Vera Lutter: Inside In
Kunsthaus Graz, 2004
“Destroy every last thing / but not memory” – W.G. Sebald, The Emigrants
“The past is symbolic, never “factual.” – Dan Graham, “Art in relation to Architecture, Architecture in Relation to Art”.
In March 1929 Louis Wirshing Jnr witnessed the opening of the first of what was projected to be a complex of interlinked buildings, Nabisco’s new headquarters on the Hudson River in upstate New York. Designed as a printing facility, this vast plant was roofed with north facing skylights that spanned an unusually spacious interior graced by a grid of slender columns. Hardwood maple floors and high standards of workmanship reflected the longevity presumed by industrial standards of the day. Destined primarily for storage, the capacious basement was similarly subject to an exacting functionalism: a dense forest of thick round columns with simple flared capitals supported the light-filled factory above. In the late afternoon natural light, penetrating from the west, raked the floor of this otherwise tenebrous space. Given its austere rigor and formal clarity, Wirshing’s architecture was primarily a matter of structure, volume, space and light. Seven months later the stockmarket crash put all further development of the Beacon facility on hold, indefinitely.
That same month, October 1929, Alfred Barr, opened the inaugural exhibition of the Museum of Modern Art in temporary headquarters in mid-town Manhattan. Although the show was devoted to painting (specifically to works by the four canonical Post-Impressionists, Gauguin, Seurat, Cézanne and Van Gogh, on whom his reading of Modernism was to be grounded), Barr soon established additional departments, notably in photography, film, architecture and design. They, together with painting and sculpture, were to form cornerstones for his definition, promotion and dissemination of the Modernist movement in North America over the next half-century. Key among the accomplishments of the Architecture and Design Department was its fostering and canonization of the International Style, following a landmark exhibition in 1932. For Barr, ever alert to the charge that in its early decades MoMA was not sufficiently receptive to the work of American artists, film and architecture were the two fields in which he could embrace local contributions unequivocally - with a passion comparable to that he bestowed on their European counterparts.1 Barr’s promotion of a contemporary vernacular architecture rooted in industrial idioms was doubtless reinforced by the enthusiasm of many of the International Style’s principal protagonists for such anonymous utilitarian structures as silos, warehouses and grain elevators. Le Corbusier’s celebration of this mode of American building in his seminal Vers une architecture, published in 1923, codified this ideology, of which Wirshing’s building was a worthy exponent. Over the course of the next half-century, in an influential series of exhibitions and collection displays focusing primarily on stylistic and formal achievements, MoMA’s Department of Architecture and Design acclaimed the work of not only such signature figures as Mies van der Rohe, but a plethora of anonymous industrial designers and engineers.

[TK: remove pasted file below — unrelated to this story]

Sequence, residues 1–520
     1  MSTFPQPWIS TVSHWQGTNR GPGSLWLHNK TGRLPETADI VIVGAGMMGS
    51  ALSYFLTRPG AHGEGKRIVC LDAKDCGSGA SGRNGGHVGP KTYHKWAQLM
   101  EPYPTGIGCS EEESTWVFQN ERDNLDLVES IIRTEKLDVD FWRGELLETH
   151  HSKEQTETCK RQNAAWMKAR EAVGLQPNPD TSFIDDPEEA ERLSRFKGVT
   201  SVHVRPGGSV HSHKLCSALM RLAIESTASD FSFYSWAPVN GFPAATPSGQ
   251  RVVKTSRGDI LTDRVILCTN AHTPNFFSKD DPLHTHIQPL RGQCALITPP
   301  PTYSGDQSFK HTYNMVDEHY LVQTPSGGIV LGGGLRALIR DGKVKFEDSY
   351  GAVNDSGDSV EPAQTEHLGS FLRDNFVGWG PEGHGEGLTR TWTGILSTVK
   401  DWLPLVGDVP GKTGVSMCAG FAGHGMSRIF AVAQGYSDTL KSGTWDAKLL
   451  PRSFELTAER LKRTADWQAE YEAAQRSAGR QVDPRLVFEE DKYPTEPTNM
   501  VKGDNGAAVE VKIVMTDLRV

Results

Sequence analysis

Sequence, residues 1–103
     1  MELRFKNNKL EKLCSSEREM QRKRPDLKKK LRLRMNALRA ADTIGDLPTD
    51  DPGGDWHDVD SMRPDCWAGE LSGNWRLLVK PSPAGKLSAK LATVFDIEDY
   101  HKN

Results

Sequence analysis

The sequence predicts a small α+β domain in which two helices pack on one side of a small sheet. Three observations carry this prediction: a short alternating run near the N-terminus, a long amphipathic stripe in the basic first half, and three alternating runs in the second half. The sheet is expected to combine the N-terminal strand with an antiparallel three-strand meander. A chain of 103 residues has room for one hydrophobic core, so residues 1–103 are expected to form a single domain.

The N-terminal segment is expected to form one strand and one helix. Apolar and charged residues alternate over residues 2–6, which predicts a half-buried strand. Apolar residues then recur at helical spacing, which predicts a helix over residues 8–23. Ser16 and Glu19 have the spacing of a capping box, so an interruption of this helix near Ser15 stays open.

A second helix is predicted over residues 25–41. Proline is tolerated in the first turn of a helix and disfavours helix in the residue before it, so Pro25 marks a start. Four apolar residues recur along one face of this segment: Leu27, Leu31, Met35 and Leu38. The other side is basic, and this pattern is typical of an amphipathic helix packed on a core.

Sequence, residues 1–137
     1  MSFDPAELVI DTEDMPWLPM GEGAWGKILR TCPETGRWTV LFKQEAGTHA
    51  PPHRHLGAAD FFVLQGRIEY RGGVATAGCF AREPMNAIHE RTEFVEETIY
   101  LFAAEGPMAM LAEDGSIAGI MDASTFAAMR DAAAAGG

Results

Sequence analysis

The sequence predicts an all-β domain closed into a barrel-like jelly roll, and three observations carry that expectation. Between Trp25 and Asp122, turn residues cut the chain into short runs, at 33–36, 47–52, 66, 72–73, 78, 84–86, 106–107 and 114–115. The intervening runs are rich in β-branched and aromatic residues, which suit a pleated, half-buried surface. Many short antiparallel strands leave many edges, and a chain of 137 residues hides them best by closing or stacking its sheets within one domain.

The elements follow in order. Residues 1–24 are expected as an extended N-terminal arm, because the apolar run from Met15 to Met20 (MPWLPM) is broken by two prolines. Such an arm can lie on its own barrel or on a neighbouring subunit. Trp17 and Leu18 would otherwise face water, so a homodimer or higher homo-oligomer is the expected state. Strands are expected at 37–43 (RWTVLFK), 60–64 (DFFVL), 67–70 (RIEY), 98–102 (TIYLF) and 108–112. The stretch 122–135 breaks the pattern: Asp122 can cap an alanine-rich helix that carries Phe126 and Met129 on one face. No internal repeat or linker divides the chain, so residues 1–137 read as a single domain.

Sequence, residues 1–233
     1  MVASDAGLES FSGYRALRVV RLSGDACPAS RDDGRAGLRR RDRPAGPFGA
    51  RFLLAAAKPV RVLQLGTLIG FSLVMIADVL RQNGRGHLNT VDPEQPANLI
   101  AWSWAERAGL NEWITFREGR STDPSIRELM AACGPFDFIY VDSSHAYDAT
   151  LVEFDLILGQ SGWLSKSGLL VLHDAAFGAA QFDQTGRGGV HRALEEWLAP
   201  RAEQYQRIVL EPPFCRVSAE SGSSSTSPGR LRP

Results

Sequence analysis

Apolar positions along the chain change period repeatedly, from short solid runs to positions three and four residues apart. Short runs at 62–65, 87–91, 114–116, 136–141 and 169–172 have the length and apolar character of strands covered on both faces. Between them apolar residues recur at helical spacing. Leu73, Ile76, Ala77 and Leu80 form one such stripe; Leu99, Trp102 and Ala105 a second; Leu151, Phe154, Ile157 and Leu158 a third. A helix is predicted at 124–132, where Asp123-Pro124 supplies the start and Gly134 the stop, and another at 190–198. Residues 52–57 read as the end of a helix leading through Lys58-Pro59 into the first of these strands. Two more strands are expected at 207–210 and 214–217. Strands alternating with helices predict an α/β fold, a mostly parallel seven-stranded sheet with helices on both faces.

Seventy years later, in the summer of 1999 Vera Lutter visited Wirshing’s now vacant facility, her mission to photograph in the once elegant building just then beginning to show signs of neglect. The young German emigrant had been offered free rein of these premises by Dia Art Foundation before it converted the building into a museum for its collection of late modernist art, a collection rich in holdings of American and German works from the 1960s, in particular Minimalism, Conceptualism and Land art. Prior to her visit to Beacon Lutter’s preferred subjects had been vistas culled from New York City and its environs; the former Nabisco factory generated her first interior views. After much study she positioned her camera in four positions, two on the main floor, and two below in the basement. The first, Nabisco Factory, Beacon I: July 19-22, 1999, capitalized on the dramatic perspectival effects created by the duct-work along the north-south axis of the main floor. Its companion, located at the junction of Building 1 and Building 3, framed the gridded interior through a wide doorway, whose proportions were comparable to that of the overall image. A clock high on the wall above the broad aperture reinforces the dynamic formal interplay between the party wall, an unrelieved barrier, and the expansive vista glimpsed through the opening; that is, between an obdurate planarity and the erasure of conventional spatial boundaries. In the pair of basement images the apparently limitless tenebrous depths are transfigured into a brilliantly luminous ambience, in which a phalanx of dark columns appears mysteriously as if to impart a nascent order to the visionary sublime.